Though I maintain here that I find important parallels between the atrocities committed against my people and the atrocities committed against animals, I find the catchy phrase “Holocaust On Your Plate” very troubling. In my view, the phrase evidences little sensitivity for, or serious attention to, the nature of the Holocaust as something more than just an instrumental vehicle for making a point about a different injustice. Both the brevity of the phrase and the casual nature of PETA’s bare comparison could easily be understood as showing disrespect for the deep pain that grips survivors and their families when anyone invokes the Holocaust, and I found the campaign disturbing for that reason.
I usually avoid the sorts of analogies that some animal rights advocates draw between atrocities such as the Holocaust or human slavery and animal breeding and slaughter. I do so mainly because drawing the analogy without elaboration can give an audience the impression that the speaker is actually indifferent to the Holocaust, to slavery, or to whatever other horror she has invoked. I have in fact heard people say “Holocaust” in connection with animal slaughter and myself wondered whether they had ever read or heard personal narratives about that historical event or whether they had any concept of what it meant and continues to mean to people, and the same can be said of analogies to slavery and other such profound injustices.
If one wishes to compare oppressions, one has a moral obligation, I think, to fully take into one’s consciousness the depth of the oppression to which one is drawing a comparison. PETA is an especially problematic purveyor of the analogy in this regard, because PETA habitually makes insensitive jokes as a means of either drawing attention to the issue of animal exploitation or, perhaps more cynically, as a means of drawing attention to itself. One example is a poster exhibiting a large woman and implying that the woman in the picture is a whale who needs to stop eating animals to lose her “blubber.”
In this and other campaigns (such as “I’d Rather Go Naked Than Wear Fur”), PETA routinely utilizes women’s bodies and sexualized imagery. The organization thereby makes it difficult to assume either good faith or a true dedication to the seriousness of the crime to which it is drawing a comparison when it analogizes animal slaughter to the Holocaust. To say this differently, PETA (along with others who deploy analogies in a similarly cavalier fashion) seems as likely to be trivializing the Holocaust as to be elevating the cause of animal rights when it speaks of a “Holocaust on Your Plate.”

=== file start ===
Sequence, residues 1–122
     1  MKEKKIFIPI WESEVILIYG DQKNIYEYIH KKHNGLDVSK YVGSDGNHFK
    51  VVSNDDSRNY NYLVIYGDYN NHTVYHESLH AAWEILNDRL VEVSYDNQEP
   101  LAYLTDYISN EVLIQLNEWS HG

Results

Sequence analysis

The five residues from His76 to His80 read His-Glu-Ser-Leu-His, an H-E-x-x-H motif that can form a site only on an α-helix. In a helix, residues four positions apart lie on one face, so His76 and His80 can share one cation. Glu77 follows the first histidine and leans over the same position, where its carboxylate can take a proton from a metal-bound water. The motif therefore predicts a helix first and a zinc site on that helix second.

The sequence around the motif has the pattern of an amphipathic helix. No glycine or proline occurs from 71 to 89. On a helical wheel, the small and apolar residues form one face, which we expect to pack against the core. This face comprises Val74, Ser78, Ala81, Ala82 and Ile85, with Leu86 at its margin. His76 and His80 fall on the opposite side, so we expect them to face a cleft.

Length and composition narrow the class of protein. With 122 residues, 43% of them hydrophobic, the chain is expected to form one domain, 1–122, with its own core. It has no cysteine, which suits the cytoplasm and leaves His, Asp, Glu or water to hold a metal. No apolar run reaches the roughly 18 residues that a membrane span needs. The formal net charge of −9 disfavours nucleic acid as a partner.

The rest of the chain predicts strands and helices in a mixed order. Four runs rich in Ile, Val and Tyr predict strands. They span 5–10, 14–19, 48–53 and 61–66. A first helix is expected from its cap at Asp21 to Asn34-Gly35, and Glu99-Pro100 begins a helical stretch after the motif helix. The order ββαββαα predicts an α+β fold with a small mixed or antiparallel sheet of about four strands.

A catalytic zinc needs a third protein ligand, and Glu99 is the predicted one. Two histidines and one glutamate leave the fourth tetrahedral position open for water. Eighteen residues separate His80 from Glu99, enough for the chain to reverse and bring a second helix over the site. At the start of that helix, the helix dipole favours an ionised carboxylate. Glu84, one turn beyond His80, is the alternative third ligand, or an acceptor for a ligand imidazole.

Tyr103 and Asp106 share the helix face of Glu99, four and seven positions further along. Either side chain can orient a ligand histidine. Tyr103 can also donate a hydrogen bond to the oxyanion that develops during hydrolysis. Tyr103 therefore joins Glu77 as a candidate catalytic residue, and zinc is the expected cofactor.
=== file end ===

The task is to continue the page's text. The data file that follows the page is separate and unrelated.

Yet once we move away from superficial invocations of the Holocaust for shock value, we can understand the analogy, offered in good faith, in a different way, one that focuses on the similarities in participants’ mindset rather than on the particular experiences of victims. In his book, Eternal Treblinka, Charles Patterson demonstrates some of the parallels in thinking that one can find between those who murdered Jews during World War II and those who participate in the slaughter of animals. People in both of these categories share the moral assumption that their victims are an “other,” “only ____” and a sense of corresponding entitlement to kill and otherwise use “them.”
Another common feature is the banality of evil, the reality that the very same person who murdered innocent victims by day could go home and act as a warm and considerate husband and father in the evening. Similarly, people (including some of my own close friends and family) are warm, generous, and kind to many others (including companion animals) much of the time, but they (including me until July 2006) then pay money day after day to support the unspeakable violence of the slaughterhouse.